So that’s what I like that helps. So yeah, I feel like when I feel validated by art somehow and I connect with it. I think that helps me a lot. So I try to also go to art galleries and engage with visual arts that also does a similar thing. So that helps me a lot and also walks in a park. I think greenery is, yeah, underestimated.  Like it has a massive calming effect on me. So I’m like, really, I really enjoy living next to a big park in East London. I also have problems with that. Maybe I will have to move, but I’m not looking forward to moving away from a big park. And before I let go, I just wanted to say to Jazzy, I don’t know how you’re doing this. You know, one month old and you’re sounding great and empowering everybody. I mean, I’m in awe. I don’t know what it’s like, but this is incredible.

Rachael Naylor: Oh, amazing. And Tania, what about you?

Tania Possick: I’m a person who also likes to do something a little physical. I’m not a great napper, so I long walks as well.  And I like listening to audio books. I’m enroute to listening slash reading 50 books this year. So squeezing it in whenever I can is fun and relaxing for me and dancing around the house. That’s fun. It’s just, I love doing that. And also going to concerts. I love doing that too. 

Rachael Naylor: Excellent. And Rebekah?

Rebekah Wilson: On Sundays I like to just spend hours in the kitchen. I don’t know what I’m cooking. It doesn’t matter. Maybe it’s food. Maybe it’s not, but I’m not at the computer. I’m listening to some music or some podcasts. I’m just standing up, you know, I’m being active and it’s that. Disconnect. Long walks is great too, but Sundays, me in the kitchen by myself, no one’s allowed in. That’s a great way to just disconnect.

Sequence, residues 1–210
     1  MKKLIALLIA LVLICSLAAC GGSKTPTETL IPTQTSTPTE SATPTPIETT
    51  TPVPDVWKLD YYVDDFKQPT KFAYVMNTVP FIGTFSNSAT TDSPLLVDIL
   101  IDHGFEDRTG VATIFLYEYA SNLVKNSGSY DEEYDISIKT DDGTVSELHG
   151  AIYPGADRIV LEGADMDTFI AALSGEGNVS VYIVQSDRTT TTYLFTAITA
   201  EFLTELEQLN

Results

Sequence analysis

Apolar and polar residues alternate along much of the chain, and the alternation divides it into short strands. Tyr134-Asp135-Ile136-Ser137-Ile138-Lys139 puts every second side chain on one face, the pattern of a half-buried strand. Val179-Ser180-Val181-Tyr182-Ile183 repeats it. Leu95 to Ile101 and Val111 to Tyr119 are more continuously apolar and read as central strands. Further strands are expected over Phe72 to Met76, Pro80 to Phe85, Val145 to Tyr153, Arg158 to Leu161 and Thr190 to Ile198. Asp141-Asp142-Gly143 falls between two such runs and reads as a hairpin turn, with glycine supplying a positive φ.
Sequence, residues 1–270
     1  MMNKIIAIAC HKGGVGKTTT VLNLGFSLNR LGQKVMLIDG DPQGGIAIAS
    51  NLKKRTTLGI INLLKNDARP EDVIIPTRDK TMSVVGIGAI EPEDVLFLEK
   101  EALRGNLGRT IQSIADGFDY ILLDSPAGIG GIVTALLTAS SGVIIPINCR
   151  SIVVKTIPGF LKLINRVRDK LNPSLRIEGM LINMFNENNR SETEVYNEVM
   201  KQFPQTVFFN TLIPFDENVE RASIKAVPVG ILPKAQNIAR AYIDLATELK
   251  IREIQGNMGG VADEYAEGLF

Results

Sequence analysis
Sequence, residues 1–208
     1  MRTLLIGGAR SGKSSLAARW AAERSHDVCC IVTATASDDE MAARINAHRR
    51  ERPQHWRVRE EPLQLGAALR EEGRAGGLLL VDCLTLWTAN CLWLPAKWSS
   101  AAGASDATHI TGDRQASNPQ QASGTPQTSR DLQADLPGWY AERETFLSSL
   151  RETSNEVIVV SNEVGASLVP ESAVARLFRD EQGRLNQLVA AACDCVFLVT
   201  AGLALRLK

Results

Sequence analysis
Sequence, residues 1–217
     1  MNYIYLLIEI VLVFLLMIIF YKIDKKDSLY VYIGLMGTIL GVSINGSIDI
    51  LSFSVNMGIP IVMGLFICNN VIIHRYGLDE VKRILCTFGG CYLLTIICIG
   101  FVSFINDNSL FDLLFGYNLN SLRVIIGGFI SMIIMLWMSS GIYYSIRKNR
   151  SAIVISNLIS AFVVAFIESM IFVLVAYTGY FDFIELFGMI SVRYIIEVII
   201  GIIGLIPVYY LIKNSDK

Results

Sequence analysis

Rachael Naylor: And mine, yeah, dancing and singing around the kitchen with my two girls is definitely the best that I love and our house is full of singing.

But the other thing that I feel is super, super important and it, I honestly think it saved my life. After my diagnosis is meditation. So meditation guys is so powerful and so amazing. And if you haven’t tried it, give it a try. There’s lots of ways that you can do it with, you know, lots of different apps and guided meditation, but just taking that time to center and breathe. And so there’s so many things around us. We’re being told things and there’s so much demand of our attention and just taking that time to go within. It’s so important. And we can do a lot of healing to ourselves. So that’s my little thing.  Meditation. If you haven’t done it, go, go give it a go. Excellent. Right guys. Well, that rounds us up. 

So I’ve got to run and take my girls to singing lessons, so that they can get out there and sing their little hearts out. But it has been amazing. Thank you so much, everyone, for joining us today. It’s really been wonderful to speak to all of you incredible guests. And thank you. Rebekah, because we came together and were, right we’re going to do this thing, the Voiceover Network and Source Elements.

Rebekah Wilson: We must thank Kike because he made me reach out to you. I was like, I’m busy, I know it’s important, but I’m busy. Thank you, Kike. Kike, you are an amazing human being. 

Rachael Naylor: Our superstars behind the scenes. And I’m going to give a shout out to Lisa as well who’s in the chat. I know she’s answering your questions guys. So yeah, Kike and Lisa who, who make things happen. Thank you. And yeah, thank you to all of you guys for coming onto this webinar. It’s been really lovely. I wish we just wish we had longer. We’ll have to do another one where we can delve deeper and find out more about all of your amazing lives and the things that you’re doing.

Well, thank you so much, everybody. Thanks so much love. Here’s to celebrating women in audio, have a wonderful international women’s day, everybody. And feel free to come connect with us and on social media and, and see what everybody’s up to. Take care, everyone.